where , and is determined by , , and . Note that the constraint in (10b) captures the automaton dynamics, i.e., the next DFA state that will be reached from the current DFA state under the observation/symbol . In words, (10), is a reachability problem defined over a joint space consisting of the automaton state-space (see (10b)), the robot motion space (see (10c)), and the metric and semantic uncertainty space (see (10d)-(10f)) while the terminal constraint requires to reach the automaton final state (see (10g)).

Iii-B A New Sampling-based Approach

Note that the reachability problem in (10) is computationally challenging to solve as it requires to explore a large hybrid state space. To address this challenge, we propose a new sampling-based approach to solve it. As discussed before, existing sampling-based approaches, e.g., RRT* [31], cannot directly solve (10) due to the hybrid state-space that needs to be explored. Particularly, we propose a sampling-based algorithm that incrementally builds trees that explore simultaneously the robot motion space, the space of covariance matrices (metric uncertainty), and the automaton space that corresponds to the assigned specification. The proposed algorithm is summarized in Algorithm 1.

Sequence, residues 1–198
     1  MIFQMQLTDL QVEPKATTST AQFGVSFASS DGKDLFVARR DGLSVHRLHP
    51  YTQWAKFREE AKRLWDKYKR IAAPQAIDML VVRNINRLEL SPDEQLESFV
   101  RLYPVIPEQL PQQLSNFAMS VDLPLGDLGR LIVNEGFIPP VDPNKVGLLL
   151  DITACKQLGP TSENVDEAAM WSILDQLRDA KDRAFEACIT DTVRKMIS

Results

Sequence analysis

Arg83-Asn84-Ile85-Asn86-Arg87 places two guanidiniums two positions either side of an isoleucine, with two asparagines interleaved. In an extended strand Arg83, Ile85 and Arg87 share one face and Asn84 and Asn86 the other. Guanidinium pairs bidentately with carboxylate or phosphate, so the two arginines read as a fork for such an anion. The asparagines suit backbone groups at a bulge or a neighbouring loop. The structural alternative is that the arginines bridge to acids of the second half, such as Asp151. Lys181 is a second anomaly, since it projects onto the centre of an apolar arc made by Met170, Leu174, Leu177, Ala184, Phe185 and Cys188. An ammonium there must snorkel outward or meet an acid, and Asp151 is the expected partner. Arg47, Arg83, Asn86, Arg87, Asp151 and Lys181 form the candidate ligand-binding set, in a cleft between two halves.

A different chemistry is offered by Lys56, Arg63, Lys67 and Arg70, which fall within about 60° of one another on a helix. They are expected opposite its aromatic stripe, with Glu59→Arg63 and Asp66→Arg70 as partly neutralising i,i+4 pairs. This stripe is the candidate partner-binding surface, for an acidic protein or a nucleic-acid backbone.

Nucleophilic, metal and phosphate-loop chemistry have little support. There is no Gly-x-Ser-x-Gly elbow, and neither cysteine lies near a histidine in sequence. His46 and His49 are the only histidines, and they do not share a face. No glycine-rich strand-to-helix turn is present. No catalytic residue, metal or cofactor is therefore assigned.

In what follows we provide some intuition for the steps of Algorithm 1. First, we denote the constructed tree by , where is the set of nodes and denotes the set of edges. The set of nodes contains states of the form , where and .222Throughout the paper, when it is clear from the context, we drop the dependence of on . The function assigns the cost of reaching node from the root of the tree. The root of the tree, denoted by , is constructed so that it matches the initial robot state , the initial semantic map , and the initial DFA state, i.e., . By convention the cost of the root is , while the cost of a node , given its parent node , is computed as